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University of Missouri researchers find that violent video games do not cause aggression in adults with Autism Spectrum Disorder

April 16, 2015 - GamePolitics Staff

A new University of Missouri study may be the beginning of disproving the idea that people with autism spectrum disorders who play violent video games are more likely to commit acts of real-world violence. This assertion gained some traction in the media after the December 2012 mass shooting in Newtown, Connecticut. In the aftermath of the December 2012 shooting at the Sandy Hook Elementary School in Newtown, Connecticut, the national media focused on shooter Adam Lanza's emotional issues related to suffering from Autism and his exposure to violent video games.

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Research: video games aren't very beneficial to elderly patients if there's no support

April 13, 2015 - GamePolitics Staff

Video games may provide elderly patients in nursing homes with mental stimulation and some physical benefits, but those gains don't occur without extensive support from care givers, according to new research coming out of Canada. The research is the result of a study called "Long-Term Use of Motion-Based Video Games in Care Home Settings" conducted by University of Lincoln researcher Kathrin Gerling, which took place over a three-month period at two nursing home facilities in Canada.

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New research using video games explores how people justify violent acts

April 9, 2015 - GamePolitics Staff

A new study from Monash University (Melbourne, Australia) using brain mapping and first-person shooter games may have some answers on how people find moral justification for extremely violent acts.

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Researchers: it's not 'what' games children play, but 'how long' they play them

March 31, 2015 - GamePolitics Staff

It's not what you kinds of games you play, it's how long you play them, according to new research from Oxford University. The study found that children (in the UK) who play video games for more than three hours a day are more likely to be hyperactive and get involved in fights than those who don't play games at all or for less than three hours a day. Researchers also revealed that they could find no link between playing violent games and real-life aggression.

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Report: UK children spend six hours a day in front of a screen

March 27, 2015 - GamePolitics Staff

A new report from UK-based market research firm Childwise claims that screen time among children has dramatically increased over the last twenty years. Details from the research, "The Connected Kids," were revealed today in a detailed BBC report. This biggest takeaway is that children in the UK spend at least six hours a day in front of a screen.

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Ubisoft Montreal develops game to help treat Amblyopia

March 16, 2015 - James Fudge

Ubisoft Montreal is developing a video game that can help people who suffer from "lazy eye," or Amblyopia. Around three percent of Canadians and three percent of Americans suffer from Amblyopia, according to Prevent Blindness.  Amblyopia is a condition where one eye is stronger than the other.

The studio, better known for developing the Assassin's Creed and Far Cry series, is working with Simon Clavagnier, a researcher from McGill University, and U.S.-based medical software company Amblyotech.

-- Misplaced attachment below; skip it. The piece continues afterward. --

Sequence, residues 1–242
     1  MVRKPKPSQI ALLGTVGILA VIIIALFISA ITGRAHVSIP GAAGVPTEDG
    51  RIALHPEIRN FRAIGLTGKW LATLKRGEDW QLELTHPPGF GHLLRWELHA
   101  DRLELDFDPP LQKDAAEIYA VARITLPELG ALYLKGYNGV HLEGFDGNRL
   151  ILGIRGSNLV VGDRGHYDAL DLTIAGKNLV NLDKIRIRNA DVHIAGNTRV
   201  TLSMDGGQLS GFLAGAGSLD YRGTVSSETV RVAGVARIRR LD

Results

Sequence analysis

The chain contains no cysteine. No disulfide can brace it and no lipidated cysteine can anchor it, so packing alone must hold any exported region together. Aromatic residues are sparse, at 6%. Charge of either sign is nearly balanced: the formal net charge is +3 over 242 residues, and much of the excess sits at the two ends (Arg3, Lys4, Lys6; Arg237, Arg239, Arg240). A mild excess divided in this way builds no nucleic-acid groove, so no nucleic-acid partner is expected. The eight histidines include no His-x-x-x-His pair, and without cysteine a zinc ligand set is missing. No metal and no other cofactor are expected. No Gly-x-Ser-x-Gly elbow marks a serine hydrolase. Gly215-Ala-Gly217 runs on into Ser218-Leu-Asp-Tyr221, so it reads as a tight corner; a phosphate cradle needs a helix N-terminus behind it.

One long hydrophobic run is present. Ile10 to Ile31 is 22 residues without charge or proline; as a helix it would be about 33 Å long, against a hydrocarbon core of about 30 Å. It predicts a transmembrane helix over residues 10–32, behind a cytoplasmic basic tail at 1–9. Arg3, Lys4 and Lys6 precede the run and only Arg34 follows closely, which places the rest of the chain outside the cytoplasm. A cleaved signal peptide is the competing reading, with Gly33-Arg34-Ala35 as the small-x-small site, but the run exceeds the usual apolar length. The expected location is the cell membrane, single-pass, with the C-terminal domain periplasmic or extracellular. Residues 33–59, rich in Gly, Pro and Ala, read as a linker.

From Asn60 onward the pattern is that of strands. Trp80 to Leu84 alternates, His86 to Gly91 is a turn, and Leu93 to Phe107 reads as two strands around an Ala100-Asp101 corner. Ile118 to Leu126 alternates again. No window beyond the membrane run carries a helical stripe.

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Upcoming Open Gaming Alliance Report Predicts PC Gaming Sector Worth $35 Billion By 2018

March 2, 2015 - GamePolitics Staff

The Open Gaming Alliance (OGA) will release its seventh annual research report at the end of March in conjunction with market research firm DFC Intelligence. The new report, which focuses on the PC gaming sector, offers predictions on the sector from the end of 2014 up until 2018.

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University of Catalonia Professors See Expanded Role For Video Games In Education

February 25, 2015 - GamePolitics Staff

Three professors from the Open University of Catalonia, UOC, (Barcelona, Spain) argue that video games have value as education tools and as a positive means of communication in a new study. The study, "A report on media literacy in the digital game Experts in Europe," analyzes 18 European videogame applications in education.

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Wargaming.net and Full Sail University Partner for 'Full Sail User Experience Lab'

January 26, 2015 - GamePolitics Staff

World of Tanks maker Wargaming.net has partnered with Full Sail University to launch the new on-campus Full Sail User Experience Lab. The collaborative effort promises to bring "state-of-the-art UX testing to over 5,000 play testers annually, and will include Full Sail students and graduates, as well as external members of the community." The Full Sail User Experience Lab plans to accomplish 100+ research projects per year for companies from multiple industries, as well as provide a project-based teaching environment.

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Research: FPS Games Enhance Learning Capabilities

January 15, 2015 - GamePolitics Staff

A new study from researchers at the University of Rochester (Rochester, New York) suggest that people who play first-person shooters like Call of Duty have enhanced learning capabilities compared to non-gamers. Daphne Bavelier, a research professor in brain and cognitive sciences at the University of Rochester, says that FPS players are better at multitasking, performing cognitive tasks, have better vision, and focus and retain information better than non-players.

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Research Finds 'Context Matters' When Video Games Are Found To Influence Anti-Social Behavior

January 14, 2015 - GamePolitics Staff

A new study by the University of Luxembourg suggest that video games that provoke short-term "anti-social behavior" are heavily dependent on context.

"Merely being exposed to violent scenes in video games is not enough to provoke anti-social reactions," researchers say.

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Researcher Uses Data from Airport X-Ray Simulation To Improve Security and Cancer Screening

January 2, 2015 - GamePolitics Staff